Man, 20, wants to interview every surviving WWII veteran

Of the 16 million people who served during World War II, only 558,000 still survive.

A California man is trying to capture history before it fades away.

Rishi Sharma wants to interview as many living World War II combat veterans as he can to document their stories. Since beginning his quest four years ago, Sharma, 20, has traveled to 45 states and Canada and has interviewed 870 veterans, CNN reported.

"They've given us the world that we have," the Agoura resident told CNN. "It's truly amazing."

Sharma is facing a daunting task. According to the the U.S. Department of Veterans Affairs, 558,000 of the 16 million Americans who served in World War II were still alive in 2017. The youngest of them are in their late eighties, and some are more than 100 years old. The VA estimates an average of 362 of them die each day, CNN reported.

Sharma was a sophomore in high school when he began his project. He first interviewed a decorated veteran, Lyle Bouck, whose outmanned unit had held off a German battalion during the Battle of the Bulge, CNN reported.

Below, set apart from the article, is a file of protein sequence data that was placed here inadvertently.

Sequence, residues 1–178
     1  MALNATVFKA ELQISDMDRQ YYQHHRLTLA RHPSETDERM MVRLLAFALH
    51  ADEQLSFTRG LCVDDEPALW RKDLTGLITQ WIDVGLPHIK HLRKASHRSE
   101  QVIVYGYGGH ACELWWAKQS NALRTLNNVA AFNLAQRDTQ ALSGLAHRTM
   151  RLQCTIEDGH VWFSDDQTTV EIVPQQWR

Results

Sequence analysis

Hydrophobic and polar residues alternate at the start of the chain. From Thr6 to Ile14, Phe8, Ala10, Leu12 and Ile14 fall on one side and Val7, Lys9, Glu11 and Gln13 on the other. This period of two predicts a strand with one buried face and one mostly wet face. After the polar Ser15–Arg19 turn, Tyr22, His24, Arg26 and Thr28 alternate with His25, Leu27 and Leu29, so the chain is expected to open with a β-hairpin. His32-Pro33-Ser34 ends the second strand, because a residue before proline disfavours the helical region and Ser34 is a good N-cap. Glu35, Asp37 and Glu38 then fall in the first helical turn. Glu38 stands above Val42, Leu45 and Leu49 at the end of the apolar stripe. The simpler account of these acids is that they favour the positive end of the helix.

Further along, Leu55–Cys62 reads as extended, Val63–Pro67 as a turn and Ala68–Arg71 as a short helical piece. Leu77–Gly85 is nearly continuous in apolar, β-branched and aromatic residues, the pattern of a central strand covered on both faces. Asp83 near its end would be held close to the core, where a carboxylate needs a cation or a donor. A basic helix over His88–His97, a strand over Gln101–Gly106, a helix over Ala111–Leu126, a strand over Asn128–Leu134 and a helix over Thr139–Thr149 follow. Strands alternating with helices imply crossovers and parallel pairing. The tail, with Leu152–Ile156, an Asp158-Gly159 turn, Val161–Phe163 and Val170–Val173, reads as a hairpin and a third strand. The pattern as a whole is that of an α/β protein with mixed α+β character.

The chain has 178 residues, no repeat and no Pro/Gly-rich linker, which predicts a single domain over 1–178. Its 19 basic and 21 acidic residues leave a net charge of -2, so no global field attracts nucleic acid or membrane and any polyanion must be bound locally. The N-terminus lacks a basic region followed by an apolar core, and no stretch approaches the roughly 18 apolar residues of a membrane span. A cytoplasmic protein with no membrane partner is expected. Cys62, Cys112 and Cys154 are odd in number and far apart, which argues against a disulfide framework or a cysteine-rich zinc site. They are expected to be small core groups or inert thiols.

Sharma then began biking to retirement homes to visit veterans in his hometown.

He records the interviews on video and burns them to DVDs, which he gives to the veterans, CNN reported. He also has begun posting the interviews to his YouTube channel.

In 2016, Sharma founded Heroes of the Second World War, a nonprofit organization dedicated to preserving interviews with WWII combat veterans for future generations. He also set up a GoFundMe account to pay his expenses. CNN reported. So far,he has raised more than $182,000, which helps pay for his travel expenses and video equipment.

His age prevents Sharma from renting cars or checking into many motels.

"I live out of the car when I'm on the road," he told CNN. "(It) makes my job a lot harder."

Sharma realizes he cannot interview every surviving veteran, so he doesn’t mind a little help. He told CNN that anyone who is interested in his work can contact WWII vets in their communities and record their stories.

"We don't need to use iPhones to take selfies," Sharma said. "We can actually document history with them."